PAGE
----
The aborted fetus lacked the contribution of the birth goddess in the womb. This myth begins with a description of the young king, Ninurta, sitting at home in Nippur when, through his general, reports reach him of a new power that has arisen in the mountains to challenge him—i. Ninurta sets out in his boat to give battle, and a fierce engagement ensues, in which Azag is killed. Afterward Ninurta reorganizes his newly won territory, builds a stone barrier, the near mountain ranges or foothills the hursagand gathers the waters that used to go up into the mountains and directs them into the Tigris to flood it and provide plentiful irrigation water from Sumer.
The hursag he presents as a gift to his mother, who had come to visit him, naming her Ninhursag Lady of the Hursag. Some of them, who had shown special ill will toward him, he curses, and others he trusts and gives high office in his administration. These judgments give the stones their present characteristics so that, for example, the flint is condemned to break before the much softer horn, as it indeed does when the horn is pressed against it to flake it.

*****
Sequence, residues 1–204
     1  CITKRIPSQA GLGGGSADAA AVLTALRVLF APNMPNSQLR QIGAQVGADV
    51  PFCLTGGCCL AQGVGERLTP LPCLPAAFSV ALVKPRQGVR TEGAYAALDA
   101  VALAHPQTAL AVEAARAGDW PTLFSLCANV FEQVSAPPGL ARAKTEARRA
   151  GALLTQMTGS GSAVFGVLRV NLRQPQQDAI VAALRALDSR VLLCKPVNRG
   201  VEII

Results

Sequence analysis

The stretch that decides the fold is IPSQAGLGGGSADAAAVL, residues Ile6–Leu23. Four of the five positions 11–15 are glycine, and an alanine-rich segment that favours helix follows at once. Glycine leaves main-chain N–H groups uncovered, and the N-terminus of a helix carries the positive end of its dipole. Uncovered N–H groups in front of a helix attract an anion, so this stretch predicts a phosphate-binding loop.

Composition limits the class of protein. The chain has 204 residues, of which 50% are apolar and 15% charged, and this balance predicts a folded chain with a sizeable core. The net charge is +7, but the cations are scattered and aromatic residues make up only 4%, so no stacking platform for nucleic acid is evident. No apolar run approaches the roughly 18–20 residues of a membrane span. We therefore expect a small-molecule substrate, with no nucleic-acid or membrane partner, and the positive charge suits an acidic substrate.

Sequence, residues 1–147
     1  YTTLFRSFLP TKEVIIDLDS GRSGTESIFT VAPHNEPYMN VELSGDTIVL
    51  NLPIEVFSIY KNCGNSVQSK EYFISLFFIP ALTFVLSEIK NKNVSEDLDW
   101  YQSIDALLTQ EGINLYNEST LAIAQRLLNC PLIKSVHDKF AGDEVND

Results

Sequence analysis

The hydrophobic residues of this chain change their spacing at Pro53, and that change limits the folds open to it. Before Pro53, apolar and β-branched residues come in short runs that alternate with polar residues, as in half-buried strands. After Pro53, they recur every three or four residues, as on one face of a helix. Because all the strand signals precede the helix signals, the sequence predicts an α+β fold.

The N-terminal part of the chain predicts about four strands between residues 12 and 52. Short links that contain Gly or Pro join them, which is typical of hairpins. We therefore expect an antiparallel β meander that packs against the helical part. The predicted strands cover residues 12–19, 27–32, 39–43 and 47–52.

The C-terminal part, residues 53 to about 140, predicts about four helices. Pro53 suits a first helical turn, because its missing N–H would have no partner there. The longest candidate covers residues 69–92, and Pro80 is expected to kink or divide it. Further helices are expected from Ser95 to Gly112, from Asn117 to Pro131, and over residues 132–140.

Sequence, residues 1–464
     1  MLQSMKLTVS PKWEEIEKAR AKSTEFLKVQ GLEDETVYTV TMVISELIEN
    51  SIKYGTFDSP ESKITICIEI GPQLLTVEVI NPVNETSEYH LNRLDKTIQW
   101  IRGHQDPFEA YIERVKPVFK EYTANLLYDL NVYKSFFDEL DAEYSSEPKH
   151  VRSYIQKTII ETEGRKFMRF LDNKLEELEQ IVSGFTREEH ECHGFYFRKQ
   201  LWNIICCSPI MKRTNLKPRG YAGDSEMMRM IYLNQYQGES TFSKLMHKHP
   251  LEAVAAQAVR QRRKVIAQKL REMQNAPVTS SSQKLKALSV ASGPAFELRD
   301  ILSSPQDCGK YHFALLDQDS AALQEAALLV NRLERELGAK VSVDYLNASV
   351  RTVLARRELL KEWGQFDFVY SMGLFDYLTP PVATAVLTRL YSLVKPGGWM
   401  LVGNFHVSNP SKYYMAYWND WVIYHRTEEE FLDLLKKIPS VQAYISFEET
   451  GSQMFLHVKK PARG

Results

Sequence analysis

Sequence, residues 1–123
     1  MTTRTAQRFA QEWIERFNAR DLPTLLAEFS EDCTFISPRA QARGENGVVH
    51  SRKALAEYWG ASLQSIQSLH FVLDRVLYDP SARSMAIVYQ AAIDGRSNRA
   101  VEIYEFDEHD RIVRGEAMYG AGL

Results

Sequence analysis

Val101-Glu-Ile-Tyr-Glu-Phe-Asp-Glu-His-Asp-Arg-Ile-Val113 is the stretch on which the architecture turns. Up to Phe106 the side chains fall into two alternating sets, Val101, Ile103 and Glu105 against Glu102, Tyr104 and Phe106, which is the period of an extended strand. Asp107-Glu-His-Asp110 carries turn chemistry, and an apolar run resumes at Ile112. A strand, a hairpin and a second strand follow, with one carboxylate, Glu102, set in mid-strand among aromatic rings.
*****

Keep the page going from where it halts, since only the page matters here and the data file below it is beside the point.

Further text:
After long speeches of self-praise by Ninurta, further addresses to him calmed him and made him enter his temple gently. Epics The genre of epics appears generally to be younger in origin than that of myths and apparently was linked—in subject matter and values—to the emergence of monarchy at the middle of the Early Dynastic period. The works that have survived seem, however, all to be of later date. Akkadian literature The first centuries of the 2nd millennium bce witnessed the demise of Sumerian as a spoken language and its replacement by Akkadian.